(Also this is obviously somewhat unpalatably untimely, which is in part owing to the somewhat amusing fact that I wrote this a couple of days ago and thought I had posted it, only to find it still socializing in the “Drafts” section today, because apparently navigating the difference between the not even alliterative as it is in email making it more understandable in that context (i.e. Save and Send) Save and Publish was a little beyond my faculties on Wednesday. Of course now I have some distance and am reading this back today and am cringing and laughing because despite my proclamation below that I’m not trying to be doomy and gloomy, it’s a little doomy and gloomy. But, I’m going to post it anyway because I already wrote it and this was indeed how I felt and do indeed still feel to some degree.)

So Rafa withdrew from the U.S. Open. It’s not shocking in the context of what’s unfolded over the past three weeks–withdrawals from Toronto and Cincinnati–but it remains shocking in the context of the situation in general–month-long vacation after winning the French and finishing Wimbledon not playing particularly well but at least in reasonably good health ends in a serious injury to one of the few body parts that Rafa’s never had trouble with before. It’s still all just kind of hard to fathom/comprehend/understand. It came out of nowhere. It came at a time when Rafa’s body was not under any particular stress. And now, completely unexpectedly, all of Rafa’s summer hard court titles are gone and the remainder of his season and who knows what else is in jeopardy. It’s like a nightmarish combination of knee injury ’12 and back injury ’14.

This is a hard one. I don’t want to be unnecessarily or dramatically doomy and gloomy. I also can’t ignore the facts. He can’t make it through a season without minimum one, and this year, two, serious injuries. He can’t make it through a full season, period. (And yes, the season is long and grueling (granted, not so much for Rafa in these injury-abbreviated ones, ironically). But…a lot of guys make it through. And Rafa is directly competing with those guys, so him not being able to make it through is a problem. A big problem.) Not being able to make it through seasons, being constantly hampered by injury after injury, getting better from one injury only to be felled by a new one a few weeks or months later…it’s not good. It’s not promising. As much as it almost literally pains me and at the very least causes me to close my eyes and scrunch up my face bracingly when even thinking about it–it’s the kind of thing that happens to guys at the tail-end of their careers. The body rebels; they just can’t stay healthy for any extended period of time. And then it’s over.

Obviously at this point the true severity and ramifications of the wrist injury are unknown. A small detachment of an interior something or other has suddenly become three withdrawals including a lost Major. Is this season-ending? I won’t be surprised if so, and honestly it might be better that way. The fall is a vast wasteland in general in tennis, and even moreso for Rafa, who is partially solar-powered. He doesn’t like indoor tennis, and it shows, in his attitude and play (yes, he generally has a decent showing, but he also consistently eventually gets meekly blown out by often overall lesser players in the later rounds, which is not particularly fun to watch). Moreover, indoor is his worst surface; worst surfaces tend to get worser as a player ages. Rafa’s not going to suddenly become the indoor king at age 28 after struggling with it for 10 years prior. So I don’t see Rafa ever having tremendous success in that part of the season moving forward, and in a way, I almost think he would be better off skipping it (which is going to directly contradict what I’m going to say below, but oh well), because it burns him out and leads, in part, to him showing up in Australia unfit almost every year (One injury? Bad luck. Two injury? Maybe…bad luck? Three injury? There’s something wrong w/ his offseason/preseason training, or lack thereof. There’s no getting around that at his point, and his stubbornness in sticking to his patterns in that regard is yet another problem.)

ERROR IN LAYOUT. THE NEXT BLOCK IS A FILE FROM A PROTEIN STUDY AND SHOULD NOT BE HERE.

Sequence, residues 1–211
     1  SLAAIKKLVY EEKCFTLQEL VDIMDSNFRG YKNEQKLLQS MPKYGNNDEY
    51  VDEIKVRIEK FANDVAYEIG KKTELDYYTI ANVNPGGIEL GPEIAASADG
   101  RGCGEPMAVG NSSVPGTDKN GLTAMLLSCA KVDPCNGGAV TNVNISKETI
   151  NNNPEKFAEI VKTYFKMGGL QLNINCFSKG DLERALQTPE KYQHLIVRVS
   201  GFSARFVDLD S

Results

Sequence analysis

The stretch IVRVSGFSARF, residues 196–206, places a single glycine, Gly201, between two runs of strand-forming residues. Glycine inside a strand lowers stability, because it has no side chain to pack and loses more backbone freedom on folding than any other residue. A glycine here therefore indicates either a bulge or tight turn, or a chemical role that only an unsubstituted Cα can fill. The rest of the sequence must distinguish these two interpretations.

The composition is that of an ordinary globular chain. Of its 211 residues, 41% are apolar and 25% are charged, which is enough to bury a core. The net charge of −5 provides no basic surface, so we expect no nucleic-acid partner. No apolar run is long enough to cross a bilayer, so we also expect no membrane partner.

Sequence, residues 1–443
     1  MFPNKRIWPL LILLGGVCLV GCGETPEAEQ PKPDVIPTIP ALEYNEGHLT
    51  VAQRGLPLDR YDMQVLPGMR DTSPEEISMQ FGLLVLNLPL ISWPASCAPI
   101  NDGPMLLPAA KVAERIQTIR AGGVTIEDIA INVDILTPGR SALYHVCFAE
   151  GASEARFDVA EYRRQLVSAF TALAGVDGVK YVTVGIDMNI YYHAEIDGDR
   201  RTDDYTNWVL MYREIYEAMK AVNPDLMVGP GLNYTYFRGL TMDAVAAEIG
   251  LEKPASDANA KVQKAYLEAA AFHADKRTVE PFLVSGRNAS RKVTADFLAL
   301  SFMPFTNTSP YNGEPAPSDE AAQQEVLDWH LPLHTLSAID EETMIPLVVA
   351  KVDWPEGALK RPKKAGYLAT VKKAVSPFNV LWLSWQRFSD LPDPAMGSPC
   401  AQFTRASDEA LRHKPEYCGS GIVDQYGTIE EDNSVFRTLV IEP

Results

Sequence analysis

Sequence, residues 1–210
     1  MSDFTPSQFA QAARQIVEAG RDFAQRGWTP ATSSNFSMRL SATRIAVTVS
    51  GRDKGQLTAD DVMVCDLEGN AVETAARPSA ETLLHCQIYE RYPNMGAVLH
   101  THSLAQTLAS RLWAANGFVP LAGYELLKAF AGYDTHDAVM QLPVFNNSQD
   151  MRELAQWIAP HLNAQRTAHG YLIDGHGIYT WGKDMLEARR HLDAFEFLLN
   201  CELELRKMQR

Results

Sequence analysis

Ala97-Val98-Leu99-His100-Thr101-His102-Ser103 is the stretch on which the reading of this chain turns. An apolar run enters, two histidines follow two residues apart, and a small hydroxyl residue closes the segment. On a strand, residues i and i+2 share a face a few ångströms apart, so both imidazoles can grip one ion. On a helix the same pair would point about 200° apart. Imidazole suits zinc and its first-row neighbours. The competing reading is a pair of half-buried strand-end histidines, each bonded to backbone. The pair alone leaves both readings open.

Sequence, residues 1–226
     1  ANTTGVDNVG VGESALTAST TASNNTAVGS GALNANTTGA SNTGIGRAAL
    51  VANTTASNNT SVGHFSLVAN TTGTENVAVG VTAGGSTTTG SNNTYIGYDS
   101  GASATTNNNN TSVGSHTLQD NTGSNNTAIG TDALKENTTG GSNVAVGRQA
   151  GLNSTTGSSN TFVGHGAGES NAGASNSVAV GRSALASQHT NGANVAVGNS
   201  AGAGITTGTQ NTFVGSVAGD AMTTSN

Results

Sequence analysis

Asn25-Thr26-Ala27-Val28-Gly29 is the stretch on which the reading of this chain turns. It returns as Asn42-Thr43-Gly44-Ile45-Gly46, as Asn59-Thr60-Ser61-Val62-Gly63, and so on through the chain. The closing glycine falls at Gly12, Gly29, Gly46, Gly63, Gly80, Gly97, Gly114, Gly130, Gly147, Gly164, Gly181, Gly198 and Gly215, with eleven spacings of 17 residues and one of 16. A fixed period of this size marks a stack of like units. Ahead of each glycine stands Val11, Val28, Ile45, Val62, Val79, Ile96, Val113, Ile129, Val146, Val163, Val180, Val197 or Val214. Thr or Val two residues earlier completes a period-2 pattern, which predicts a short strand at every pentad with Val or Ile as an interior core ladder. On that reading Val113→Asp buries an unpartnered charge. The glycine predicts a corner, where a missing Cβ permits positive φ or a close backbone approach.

The way Rafa is talking about the wrist now is startlingly similar, perhaps even identical, to how he talked about his knee in 2012–he’s in pain; he’ll come back when he’s no longer in pain. And so, once again, as I did in ’12, I have to wonder–what if he’s never not in some degree of pain? Is Rafa backing himself into a corner out of which there is no escape? Not wanting to be in pain is understandable. But, is it realistic, for him or any tennis player? Are his expectations too high? Is his pain tolerance too low, or, perhaps more accurately, has he reached his limit of having a high pain tolerance?, which is, once again, completely understandable, but–not necessarily conducive to being a professional tennis player.

Of course, another thing that pricks at the mind when reading these most recent quotes is that as it turned out, Rafa did still have knee pain when he returned in 2013. His goal of not returning until the pain was gone was not realistic, and it was later revealed that his team basically forced him back on the tour and he in fact was quite distraught over the state of his still painful knee during his early days in South America. But, he played. And he won. And eventually, while he was playing, and winning, his knee improved. So obviously one wonders now–is he being too conservative with the wrist? Might it improve while he’s playing? And even if not, what does he have to lose by giving it a try? This is an injury he can control to some degree–he doesn’t have to hit two-handed BHs. He can slice, he can run around, and when that’s not possible–he can let balls go by. Nobody would blame him. Everyone would respect the effort.